Tips for the fungicide rotation preplanning process:
1) A good fungicide inventory has multiple low-resistance-risk products available for use. Low-risk products can be used alone during periods of lower disease pressure, in tank mixes, or in sequence rotation with higher-resistance-risk fungicides. These products can also serve as last-minute substitutions or additions, if needed, without negatively impacting the intent of your rotation of higher-risk products. What might limit widespread adoption of these types of products is they can be phytotoxic if overused, used on sensitive varieties or used during inappropriate weather conditions (such as high heat or periods of prolonged leaf wetness).
2) A good fungicide program can still include medium- and high-resistance-risk products. These products still have value if you don’t have known resistance in your vineyard or if you use them judiciously. They often have properties like longer efficacy windows, the ability to be absorbed by the plant or minimal negative interactions with nonpesticidal tank mix partners (i.e., foliar nutrients).
A great fungicide program only uses higher-risk FRAC groups once a season, but a good program can still be achieved with repeated use of a FRAC group. The difference between a great and a less-than-ideal or good program is the number of moderate- or high-risk FRAC group applications that are made. If multiple uses of moderate- and high-resistance-risk products/FRAC groups are needed, we recommend that they are both: tank mixed with a low-risk product as frequently as possible and that there are at least two applications of different FRAC groups that target the same pathogen separating the higher risk applications (see illustration above).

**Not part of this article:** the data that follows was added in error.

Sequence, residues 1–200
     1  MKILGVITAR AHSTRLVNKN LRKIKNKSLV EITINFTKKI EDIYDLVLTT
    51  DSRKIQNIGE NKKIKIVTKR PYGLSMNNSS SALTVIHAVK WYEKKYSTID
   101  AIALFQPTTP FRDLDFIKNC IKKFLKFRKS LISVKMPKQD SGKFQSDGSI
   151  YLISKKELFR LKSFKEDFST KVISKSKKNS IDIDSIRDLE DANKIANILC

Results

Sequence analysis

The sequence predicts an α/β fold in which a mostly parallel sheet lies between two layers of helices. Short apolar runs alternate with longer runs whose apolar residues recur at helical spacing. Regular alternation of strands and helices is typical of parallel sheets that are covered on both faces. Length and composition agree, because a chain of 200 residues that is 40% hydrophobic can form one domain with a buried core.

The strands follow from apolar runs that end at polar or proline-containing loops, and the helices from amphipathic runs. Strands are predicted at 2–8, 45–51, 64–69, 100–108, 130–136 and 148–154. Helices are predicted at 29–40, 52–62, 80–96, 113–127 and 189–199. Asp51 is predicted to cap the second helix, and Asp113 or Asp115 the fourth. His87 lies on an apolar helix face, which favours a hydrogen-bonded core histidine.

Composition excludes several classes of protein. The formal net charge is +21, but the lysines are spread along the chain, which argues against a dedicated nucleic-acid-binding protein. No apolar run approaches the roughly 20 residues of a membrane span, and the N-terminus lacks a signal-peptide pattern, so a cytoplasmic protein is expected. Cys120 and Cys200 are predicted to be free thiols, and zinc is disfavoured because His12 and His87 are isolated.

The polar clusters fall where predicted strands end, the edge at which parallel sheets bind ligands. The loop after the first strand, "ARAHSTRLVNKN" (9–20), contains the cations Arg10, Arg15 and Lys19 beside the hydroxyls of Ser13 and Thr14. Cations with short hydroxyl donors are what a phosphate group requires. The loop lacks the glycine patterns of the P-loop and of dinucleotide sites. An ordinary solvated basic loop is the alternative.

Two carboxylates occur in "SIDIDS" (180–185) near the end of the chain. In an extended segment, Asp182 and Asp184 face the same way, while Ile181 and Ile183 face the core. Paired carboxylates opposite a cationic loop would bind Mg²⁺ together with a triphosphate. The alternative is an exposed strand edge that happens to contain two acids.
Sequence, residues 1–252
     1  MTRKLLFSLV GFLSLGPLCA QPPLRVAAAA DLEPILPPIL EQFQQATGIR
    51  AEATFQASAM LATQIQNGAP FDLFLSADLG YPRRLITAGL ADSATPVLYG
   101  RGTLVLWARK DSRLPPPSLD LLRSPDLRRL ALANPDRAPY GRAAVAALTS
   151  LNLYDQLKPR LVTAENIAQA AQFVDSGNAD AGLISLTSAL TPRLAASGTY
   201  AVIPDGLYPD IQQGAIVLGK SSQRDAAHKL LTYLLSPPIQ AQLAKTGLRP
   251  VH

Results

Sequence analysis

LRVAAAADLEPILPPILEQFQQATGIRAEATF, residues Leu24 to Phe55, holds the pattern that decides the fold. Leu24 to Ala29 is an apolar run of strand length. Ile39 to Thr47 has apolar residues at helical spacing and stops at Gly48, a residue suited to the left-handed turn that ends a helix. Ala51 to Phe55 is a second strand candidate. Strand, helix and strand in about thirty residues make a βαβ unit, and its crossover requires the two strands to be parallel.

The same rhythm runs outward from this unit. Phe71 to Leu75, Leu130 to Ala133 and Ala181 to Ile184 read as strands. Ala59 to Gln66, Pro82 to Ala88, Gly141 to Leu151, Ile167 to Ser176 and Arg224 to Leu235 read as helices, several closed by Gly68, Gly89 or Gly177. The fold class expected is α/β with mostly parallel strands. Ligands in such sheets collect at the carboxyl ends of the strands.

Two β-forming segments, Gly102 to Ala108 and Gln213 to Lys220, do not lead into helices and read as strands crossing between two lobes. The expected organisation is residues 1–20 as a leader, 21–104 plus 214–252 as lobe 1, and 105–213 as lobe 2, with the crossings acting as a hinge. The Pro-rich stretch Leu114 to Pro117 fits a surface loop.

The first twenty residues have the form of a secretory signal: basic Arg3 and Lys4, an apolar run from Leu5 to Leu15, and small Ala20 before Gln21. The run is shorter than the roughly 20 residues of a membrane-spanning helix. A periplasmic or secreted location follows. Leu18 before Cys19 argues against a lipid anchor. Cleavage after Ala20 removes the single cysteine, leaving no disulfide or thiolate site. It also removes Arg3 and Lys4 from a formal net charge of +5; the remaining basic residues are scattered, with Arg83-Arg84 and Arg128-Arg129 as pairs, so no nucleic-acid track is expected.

Practice 2 — Tank mixing: The one-two punch.
Just like fungicide rotations, tank mixing fungicides (combining multiple ingredients and/or different FRAC groups in a single spray pass) needs to be considered in context of resistance risk of the fungicides used in the tank mix and the target organism(s) of those different fungicides. Some tank mixes function well for targeting multiple diseases in a single application, and some are great for fungicide stewardship and resistance management. Unfortunately, just because a spray is a mixture of fungicides doesn’t mean it is guaranteed to perform one or both functions.
Tips for selecting a good fungicide tank mix:
1) Prepackaged fungicide mixes can be helpful — provided you know what’s in the package! Many companies have premixed fungicides on the market to help with managing multiple diseases, fungicide resistance or both. But it is important to know what the purpose of that premix is — are both ingredients targeting the same pathogen (i.e., designed for resistance management) or are the ingredients targeting different pathogens (i.e., not always designed for resistance management)?